331. section to the jobs template, so that when an engineer sends a job manually to
  332. \textbf{LAVA}, his email address is included in the definition and he gets a
  333. message as soon as the job is finished, with some details about what worked and
  334. what failed.
  335. For the second part, the daily tests, the need was to aggregate the results of
  336. the past twenty-four hours into a single, personalized email. Indeed, each
  337. engineer can subscribe to some devices, and in order not to make the reporting
  338. too verbose, a script builds a specific email for every one, so that people only
  339. get the results they are interested in.
  340. \subsection{Integrating custom kernels}
  341. \label{sub:integrating_custom_kernels}
  342. \subsubsection{Goal}
  343. \label{ssub:goal}
  344. The next and last step toward fully customized CI tests, was building custom
  345. kernels. Just like \textbf{KernelCI} does every hour, the goal is to monitor a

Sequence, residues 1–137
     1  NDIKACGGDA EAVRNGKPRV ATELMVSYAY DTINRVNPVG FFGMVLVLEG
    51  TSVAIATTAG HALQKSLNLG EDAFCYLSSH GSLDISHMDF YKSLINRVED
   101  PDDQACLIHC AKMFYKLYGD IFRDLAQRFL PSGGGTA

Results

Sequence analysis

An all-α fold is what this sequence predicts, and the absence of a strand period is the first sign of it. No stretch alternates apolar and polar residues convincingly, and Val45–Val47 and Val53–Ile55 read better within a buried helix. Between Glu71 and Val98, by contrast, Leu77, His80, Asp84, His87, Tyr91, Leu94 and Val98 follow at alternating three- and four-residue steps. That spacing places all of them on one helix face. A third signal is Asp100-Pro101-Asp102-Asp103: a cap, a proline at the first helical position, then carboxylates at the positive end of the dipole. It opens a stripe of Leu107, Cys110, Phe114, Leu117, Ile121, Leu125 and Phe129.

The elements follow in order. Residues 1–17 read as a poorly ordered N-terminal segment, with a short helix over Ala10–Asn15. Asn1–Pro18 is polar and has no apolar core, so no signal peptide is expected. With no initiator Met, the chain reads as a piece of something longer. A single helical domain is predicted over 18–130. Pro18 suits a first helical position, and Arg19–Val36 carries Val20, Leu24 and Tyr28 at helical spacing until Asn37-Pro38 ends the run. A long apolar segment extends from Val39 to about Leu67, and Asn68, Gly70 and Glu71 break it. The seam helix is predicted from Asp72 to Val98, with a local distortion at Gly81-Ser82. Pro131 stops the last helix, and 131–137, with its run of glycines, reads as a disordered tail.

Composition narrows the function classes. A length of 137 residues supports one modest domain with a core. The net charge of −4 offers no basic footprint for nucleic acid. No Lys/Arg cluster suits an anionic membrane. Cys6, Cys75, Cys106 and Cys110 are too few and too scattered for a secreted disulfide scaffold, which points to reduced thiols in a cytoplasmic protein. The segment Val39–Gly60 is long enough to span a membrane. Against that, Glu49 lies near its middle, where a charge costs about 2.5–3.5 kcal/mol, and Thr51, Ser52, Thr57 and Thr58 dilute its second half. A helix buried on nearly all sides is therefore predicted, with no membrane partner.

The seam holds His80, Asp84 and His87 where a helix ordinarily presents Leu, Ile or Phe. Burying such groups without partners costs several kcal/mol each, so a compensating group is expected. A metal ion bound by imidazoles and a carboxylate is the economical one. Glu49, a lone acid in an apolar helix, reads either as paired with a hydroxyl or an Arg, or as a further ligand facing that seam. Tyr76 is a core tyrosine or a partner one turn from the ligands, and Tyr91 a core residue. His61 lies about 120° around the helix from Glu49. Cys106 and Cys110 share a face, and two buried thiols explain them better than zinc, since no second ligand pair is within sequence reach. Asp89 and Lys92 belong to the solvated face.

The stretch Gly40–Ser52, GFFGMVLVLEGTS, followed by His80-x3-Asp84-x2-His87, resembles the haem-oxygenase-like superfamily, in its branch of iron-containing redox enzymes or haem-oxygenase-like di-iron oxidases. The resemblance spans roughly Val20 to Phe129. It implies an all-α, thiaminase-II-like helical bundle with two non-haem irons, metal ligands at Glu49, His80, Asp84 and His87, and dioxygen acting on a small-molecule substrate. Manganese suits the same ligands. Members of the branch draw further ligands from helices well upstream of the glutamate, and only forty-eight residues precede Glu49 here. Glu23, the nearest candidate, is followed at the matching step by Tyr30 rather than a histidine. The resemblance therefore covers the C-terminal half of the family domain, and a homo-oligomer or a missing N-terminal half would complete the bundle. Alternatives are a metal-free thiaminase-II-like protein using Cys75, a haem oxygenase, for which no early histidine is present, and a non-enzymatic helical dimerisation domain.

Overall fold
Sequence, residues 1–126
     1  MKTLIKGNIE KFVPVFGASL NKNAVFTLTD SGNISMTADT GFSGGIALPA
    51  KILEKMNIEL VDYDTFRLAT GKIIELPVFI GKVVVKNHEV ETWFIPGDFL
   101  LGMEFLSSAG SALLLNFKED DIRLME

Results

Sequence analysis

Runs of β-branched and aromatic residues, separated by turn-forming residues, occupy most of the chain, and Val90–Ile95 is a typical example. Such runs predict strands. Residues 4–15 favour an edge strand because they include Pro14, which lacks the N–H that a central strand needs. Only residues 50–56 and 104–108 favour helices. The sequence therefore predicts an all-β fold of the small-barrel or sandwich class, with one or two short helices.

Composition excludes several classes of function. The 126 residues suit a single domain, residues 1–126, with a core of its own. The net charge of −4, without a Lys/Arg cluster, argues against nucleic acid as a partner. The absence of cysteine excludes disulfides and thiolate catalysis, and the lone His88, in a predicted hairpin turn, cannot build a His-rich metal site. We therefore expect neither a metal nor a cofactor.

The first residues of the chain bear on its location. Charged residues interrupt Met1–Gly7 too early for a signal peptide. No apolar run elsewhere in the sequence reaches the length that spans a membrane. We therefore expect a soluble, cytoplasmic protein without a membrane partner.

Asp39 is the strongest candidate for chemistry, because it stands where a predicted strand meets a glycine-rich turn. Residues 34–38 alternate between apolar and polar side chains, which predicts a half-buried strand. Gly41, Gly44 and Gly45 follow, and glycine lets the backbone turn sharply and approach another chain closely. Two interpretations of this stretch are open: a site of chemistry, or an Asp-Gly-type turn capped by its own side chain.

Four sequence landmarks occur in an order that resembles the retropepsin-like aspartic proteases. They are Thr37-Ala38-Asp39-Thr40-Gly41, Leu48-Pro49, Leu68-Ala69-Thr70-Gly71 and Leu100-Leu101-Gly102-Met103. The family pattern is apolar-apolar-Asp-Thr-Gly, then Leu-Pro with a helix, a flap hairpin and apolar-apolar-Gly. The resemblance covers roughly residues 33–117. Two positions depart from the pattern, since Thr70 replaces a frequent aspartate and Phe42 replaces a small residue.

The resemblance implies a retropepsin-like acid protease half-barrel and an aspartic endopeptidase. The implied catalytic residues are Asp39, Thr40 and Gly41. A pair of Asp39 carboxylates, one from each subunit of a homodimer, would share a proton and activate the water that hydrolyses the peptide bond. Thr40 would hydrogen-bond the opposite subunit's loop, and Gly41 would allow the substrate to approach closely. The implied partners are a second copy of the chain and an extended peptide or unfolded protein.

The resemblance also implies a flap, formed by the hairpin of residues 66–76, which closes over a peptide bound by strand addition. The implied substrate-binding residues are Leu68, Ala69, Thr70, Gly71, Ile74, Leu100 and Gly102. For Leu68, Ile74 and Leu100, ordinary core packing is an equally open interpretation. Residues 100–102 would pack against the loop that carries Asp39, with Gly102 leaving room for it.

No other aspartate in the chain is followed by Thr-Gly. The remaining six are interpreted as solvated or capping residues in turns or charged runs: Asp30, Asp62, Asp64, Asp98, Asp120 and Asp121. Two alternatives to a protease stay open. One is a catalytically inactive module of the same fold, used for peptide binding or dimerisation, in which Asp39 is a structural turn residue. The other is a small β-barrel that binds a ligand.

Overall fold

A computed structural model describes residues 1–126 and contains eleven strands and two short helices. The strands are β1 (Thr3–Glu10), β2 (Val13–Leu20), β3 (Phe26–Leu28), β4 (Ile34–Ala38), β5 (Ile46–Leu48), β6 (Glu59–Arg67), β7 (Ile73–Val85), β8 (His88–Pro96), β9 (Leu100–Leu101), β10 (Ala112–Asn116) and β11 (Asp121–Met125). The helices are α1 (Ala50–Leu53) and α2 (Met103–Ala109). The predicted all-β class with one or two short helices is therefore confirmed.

346. list of kernel trees, pull them, then build them with specific configurations,
  347. and store the artifacts online, so that \textbf{LAVA} could easily use them.
  348. Custom kernels really come in handy in two cases. When the engineers would like
  349. to follow a specific tree they work on, but this tree is not close enough to
  350. mainline and \textbf{KernelCI} does not track it, Free Electrons' builder would
  351. be in charge of it. The other useful case, is when a test requires custom kernel
  352. configuration, such as the activation of the hardware cryptographic modules,
  353. that are platform specific, thus not in the range of \textbf{KernelCI}'s builds.
  354. \subsubsection{Setting up a kernel builder}
  355. \label{ssub:setting_up_a_kernel_builder}
  356. Mainly based on \textbf{KernelCI}'s Jenkins scripts, but with some
  357. modifications to work in standalone, the builder\footnote{\url{https://github.com/free-electrons/kernel-builder}}